Thursday, August 11, 2011
Fallen by Karin Slaughter
When Georgia Bureau of Investigation agent Faith Mitchell arrives at her mother's house, she finds a bloody hand print on the front door and a trail of blood leading from the door back to the locked shed where Faith's mother keeps her gun. Faith sees her infant daughter hidden in the locked shed and that her mother's gun safe is open. The gun inside it is gone. Faith knows her mother's in trouble, so she calls for back up and rather than wait, she goes into the house, looking for her mother. Instead she finds a dead man and then stumbles upon a hostage situation in her mother's bedroom. The hostage taker demands a trade--whatever it is that he's looking for in exchange for Faith's mother. But Faith has no idea what the intruders are looking for or what they might be referring to. Unfortunately the hostage situation heads south and when both men end up dead, there's no one left to question about the events that took place in the house prior to Faith's arrival, the whereabouts of her mother or the motives for any of it.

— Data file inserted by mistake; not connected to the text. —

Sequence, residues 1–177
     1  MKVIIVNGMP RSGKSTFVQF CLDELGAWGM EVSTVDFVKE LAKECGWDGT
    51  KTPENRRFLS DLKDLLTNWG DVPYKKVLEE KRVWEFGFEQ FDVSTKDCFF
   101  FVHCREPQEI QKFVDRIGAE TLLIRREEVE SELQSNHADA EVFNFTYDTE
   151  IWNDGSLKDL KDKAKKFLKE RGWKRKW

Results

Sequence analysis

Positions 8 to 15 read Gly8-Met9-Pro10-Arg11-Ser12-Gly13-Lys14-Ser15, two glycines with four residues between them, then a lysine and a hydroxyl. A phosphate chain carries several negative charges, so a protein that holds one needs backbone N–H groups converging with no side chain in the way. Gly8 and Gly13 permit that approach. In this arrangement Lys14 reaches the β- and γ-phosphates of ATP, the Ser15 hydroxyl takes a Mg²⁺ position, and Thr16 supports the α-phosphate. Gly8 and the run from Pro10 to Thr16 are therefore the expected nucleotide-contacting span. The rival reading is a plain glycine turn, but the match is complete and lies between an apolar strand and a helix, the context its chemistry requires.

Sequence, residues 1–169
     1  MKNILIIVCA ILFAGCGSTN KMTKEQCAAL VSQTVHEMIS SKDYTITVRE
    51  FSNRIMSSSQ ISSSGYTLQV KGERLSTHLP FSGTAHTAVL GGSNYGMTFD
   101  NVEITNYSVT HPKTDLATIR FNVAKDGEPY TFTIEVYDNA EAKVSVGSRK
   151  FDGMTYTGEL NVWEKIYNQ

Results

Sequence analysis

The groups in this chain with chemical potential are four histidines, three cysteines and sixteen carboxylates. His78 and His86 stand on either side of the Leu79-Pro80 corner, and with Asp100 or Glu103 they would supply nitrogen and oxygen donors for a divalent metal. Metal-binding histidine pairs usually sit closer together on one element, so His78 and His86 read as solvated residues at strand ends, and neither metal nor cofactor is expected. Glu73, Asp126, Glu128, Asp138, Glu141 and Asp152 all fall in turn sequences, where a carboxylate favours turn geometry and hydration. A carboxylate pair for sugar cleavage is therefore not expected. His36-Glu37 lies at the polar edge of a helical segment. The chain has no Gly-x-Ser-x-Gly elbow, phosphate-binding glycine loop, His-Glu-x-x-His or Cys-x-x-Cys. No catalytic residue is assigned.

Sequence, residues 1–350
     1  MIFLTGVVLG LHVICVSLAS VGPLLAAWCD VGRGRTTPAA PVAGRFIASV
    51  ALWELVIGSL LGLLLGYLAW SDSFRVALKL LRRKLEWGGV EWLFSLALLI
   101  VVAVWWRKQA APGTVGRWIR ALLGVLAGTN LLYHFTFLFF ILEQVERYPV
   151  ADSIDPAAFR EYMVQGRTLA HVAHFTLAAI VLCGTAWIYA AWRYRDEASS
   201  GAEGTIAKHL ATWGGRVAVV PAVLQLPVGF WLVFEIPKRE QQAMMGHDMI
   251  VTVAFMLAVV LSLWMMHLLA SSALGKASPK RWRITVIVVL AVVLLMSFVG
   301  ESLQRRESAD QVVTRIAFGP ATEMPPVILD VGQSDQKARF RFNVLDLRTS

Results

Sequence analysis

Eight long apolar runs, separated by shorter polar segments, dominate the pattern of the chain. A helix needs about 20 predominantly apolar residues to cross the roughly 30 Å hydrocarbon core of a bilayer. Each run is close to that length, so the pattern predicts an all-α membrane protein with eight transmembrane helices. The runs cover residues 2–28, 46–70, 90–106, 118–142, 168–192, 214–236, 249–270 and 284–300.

Following a jurisdictional dispute between the GBI and the Atlanta Police Department, the APD wins jurisdiction, leaving Faith's partner, Will Trent and her boss Amanda Wagner (also a longtime Mitchell family friend) on the outside of an investigation in which APD pegs Faith as a possible suspect. Will has no choice but to ride shotgun with his boss as they track down former members of Faith's mother's corrupt narcotics unit to piece together why an Asian gang has targeted Faith's mother and what that gang is looking for. What neither Will nor Faith can fathom is that this vendetta against her mother may have its origins in her personal life rather than her work life, and when the dust settles, the fabric of Faith's family may never be the same again.
In the midst of the investigation, there are developments in both Will's and Dr. Linton's personal lives. I don't want to give too much away, but there's a harrowing, brutal confrontation between Will and his estranged, abusive wife, Angie. This is one woman who doesn't let go easily, and thus, the drama that she stirs up will not end pretty.
I highly, highly recommend you pick up this book the next time you visit the library. Unless you haven't read any Slaughter books in which case I recommend you start at the beginning of the series and read them in order--you won't regret it.
--Reviewed by Ms. Angie